(Adds comment from Lynn Tilton, background)
Sept 27 (Reuters) - The U.S. Securities and Exchange Commission suffered a defeat on Wednesday, as a judge said it failed to prove private equity fund manager Lynn Tilton defrauded investors by hiding the poor performance of assets underlying three debt funds.
SEC Administrative Law Judge Carol Fox Foelak dismissed the charges against Tilton, the founder of New York-based Patriarch Partners who is known as the Diva of Distressed for taking over troubled companies.
The SEC's enforcement division in 2015 accused Tilton of defrauding investors in the three so-called Zohar collateralized loan obligation funds, which raised $2.5 billion to make loans to distressed companies.
At trial, the SEC alleged Tilton misled investors by directing the valuations of assets underlying the Zohar funds remain unchanged despite their poor performance in order to avoid the loss of $200 million in management fees.
But Foelak ruled that while Tilton and Patriach did not make it easy for her sophisticated investors to find information, "they also did not conceal - omit to state - material information."
The ruling marked a major setback for the SEC's enforcement division, which had sought to force Tilton and Patriarch Partners to pay at least $200 million and be barred from the securities industry.
"I am heartened to finally be able to put to rest the rumors and innuendo that have cast a dark shadow on me and my business for so long," Tilton said in a statement.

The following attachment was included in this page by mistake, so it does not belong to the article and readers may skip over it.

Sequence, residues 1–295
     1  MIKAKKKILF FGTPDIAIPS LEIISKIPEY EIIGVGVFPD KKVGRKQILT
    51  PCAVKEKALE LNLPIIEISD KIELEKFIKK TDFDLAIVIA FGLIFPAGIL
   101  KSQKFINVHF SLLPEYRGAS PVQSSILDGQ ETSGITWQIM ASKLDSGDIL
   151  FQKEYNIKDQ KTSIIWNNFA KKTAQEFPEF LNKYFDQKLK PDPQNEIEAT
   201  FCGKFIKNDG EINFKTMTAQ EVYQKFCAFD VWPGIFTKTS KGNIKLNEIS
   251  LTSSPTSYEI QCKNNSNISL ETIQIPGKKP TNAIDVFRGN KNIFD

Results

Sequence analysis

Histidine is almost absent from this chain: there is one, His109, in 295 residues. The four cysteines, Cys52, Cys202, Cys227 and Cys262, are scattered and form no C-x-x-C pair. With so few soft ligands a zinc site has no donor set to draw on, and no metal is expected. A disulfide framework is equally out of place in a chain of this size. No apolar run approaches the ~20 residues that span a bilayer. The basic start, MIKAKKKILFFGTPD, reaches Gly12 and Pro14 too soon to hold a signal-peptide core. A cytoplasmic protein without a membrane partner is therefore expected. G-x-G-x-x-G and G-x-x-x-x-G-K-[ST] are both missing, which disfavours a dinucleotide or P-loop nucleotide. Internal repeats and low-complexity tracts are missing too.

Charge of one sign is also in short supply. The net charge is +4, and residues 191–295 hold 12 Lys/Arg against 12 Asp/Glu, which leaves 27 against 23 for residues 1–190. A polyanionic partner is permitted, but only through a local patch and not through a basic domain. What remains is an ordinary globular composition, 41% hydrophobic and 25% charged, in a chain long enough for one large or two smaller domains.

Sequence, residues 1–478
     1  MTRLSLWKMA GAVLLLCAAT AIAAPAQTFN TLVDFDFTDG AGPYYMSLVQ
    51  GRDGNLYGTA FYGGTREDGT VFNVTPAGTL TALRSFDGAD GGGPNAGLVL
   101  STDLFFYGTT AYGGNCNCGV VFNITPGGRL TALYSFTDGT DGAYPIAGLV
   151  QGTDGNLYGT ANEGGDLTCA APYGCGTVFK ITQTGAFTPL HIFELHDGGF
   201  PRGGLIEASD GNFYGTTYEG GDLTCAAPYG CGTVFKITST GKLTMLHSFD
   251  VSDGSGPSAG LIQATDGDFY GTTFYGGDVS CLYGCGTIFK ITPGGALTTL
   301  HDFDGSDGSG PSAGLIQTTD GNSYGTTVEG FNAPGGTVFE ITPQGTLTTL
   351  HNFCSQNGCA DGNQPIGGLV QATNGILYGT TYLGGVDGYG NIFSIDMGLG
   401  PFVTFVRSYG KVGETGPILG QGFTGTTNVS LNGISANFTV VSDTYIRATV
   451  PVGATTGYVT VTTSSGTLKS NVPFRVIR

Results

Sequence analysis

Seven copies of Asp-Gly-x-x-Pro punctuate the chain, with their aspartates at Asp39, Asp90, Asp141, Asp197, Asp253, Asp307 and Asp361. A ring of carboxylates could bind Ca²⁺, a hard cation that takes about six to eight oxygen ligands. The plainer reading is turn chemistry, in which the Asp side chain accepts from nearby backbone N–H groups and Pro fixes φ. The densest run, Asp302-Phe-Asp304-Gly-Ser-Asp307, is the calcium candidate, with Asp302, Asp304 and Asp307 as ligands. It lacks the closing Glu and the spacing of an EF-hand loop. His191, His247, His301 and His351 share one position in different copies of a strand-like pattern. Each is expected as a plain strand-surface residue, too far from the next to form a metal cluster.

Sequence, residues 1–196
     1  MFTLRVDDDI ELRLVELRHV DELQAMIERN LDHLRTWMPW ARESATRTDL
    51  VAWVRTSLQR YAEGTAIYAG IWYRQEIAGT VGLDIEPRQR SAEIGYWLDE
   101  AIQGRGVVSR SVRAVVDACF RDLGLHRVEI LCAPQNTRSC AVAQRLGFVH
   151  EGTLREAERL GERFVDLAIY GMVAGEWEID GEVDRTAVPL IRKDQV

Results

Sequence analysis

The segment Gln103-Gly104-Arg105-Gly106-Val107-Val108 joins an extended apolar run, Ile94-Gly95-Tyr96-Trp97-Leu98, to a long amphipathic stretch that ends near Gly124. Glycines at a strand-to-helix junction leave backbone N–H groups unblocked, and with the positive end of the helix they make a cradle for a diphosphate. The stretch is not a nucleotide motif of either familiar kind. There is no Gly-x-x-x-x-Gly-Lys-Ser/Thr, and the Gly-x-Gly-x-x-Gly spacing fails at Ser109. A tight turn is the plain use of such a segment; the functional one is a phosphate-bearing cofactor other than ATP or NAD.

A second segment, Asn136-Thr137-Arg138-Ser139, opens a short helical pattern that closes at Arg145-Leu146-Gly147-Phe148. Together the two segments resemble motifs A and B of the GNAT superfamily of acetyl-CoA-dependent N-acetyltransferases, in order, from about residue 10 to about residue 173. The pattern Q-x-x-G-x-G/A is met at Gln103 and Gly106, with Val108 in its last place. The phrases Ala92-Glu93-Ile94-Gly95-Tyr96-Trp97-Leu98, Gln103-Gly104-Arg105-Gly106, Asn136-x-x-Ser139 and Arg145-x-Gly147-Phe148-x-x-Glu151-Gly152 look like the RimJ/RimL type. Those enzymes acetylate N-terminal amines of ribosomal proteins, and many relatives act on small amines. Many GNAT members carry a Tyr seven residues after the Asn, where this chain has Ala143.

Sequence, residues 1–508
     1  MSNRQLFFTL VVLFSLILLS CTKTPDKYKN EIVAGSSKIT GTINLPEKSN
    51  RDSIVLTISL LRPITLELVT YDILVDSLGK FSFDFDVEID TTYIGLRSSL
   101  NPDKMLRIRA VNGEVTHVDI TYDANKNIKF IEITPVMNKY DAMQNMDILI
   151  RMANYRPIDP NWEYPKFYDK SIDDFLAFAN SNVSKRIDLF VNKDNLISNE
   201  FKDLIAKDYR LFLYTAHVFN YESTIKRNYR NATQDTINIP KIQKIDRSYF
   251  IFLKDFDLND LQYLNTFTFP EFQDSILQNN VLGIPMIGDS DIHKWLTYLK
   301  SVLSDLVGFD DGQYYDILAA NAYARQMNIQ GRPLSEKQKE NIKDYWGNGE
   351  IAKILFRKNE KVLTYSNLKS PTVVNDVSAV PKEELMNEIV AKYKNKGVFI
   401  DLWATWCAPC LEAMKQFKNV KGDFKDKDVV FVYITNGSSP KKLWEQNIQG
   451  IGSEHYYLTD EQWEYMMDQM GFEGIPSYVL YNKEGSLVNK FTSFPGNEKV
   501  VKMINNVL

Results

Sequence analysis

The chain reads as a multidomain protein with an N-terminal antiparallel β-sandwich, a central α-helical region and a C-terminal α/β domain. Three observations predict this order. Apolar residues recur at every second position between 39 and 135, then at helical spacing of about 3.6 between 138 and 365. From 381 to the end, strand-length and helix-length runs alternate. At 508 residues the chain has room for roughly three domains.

An SEC spokeswoman declined to comment.
Known for her flashy outfits, Tilton has portrayed herself as a hard-charging female executive in a male-dominated field. In 2000, she founded Patriarch, which counts among its portfolio companies MD Helicopters.
Wednesday's ruling came after a trial that ended in November. The trial took place after Tilton unsuccessfully sued to block what she called an unconstitutional proceeding before an SEC in-house judge.
Her case was one of several where defendants objected to the SEC's use of administrative proceedings, which became more common after the 2010 Dodd-Frank law gave the agency the power to bring more cases in-house.
Randy Mastro, a lawyer for Tilton, in an interview said the ruling vindicated his client.
"We have said all along that Lynn Tilton was innocent of these charges, that she was falsely accused and that we would prove it at trial," he said. "Now we've done just that." (Reporting by Nate Raymond in Boston; Editing by Clive McKeef and Cynthia Osterman)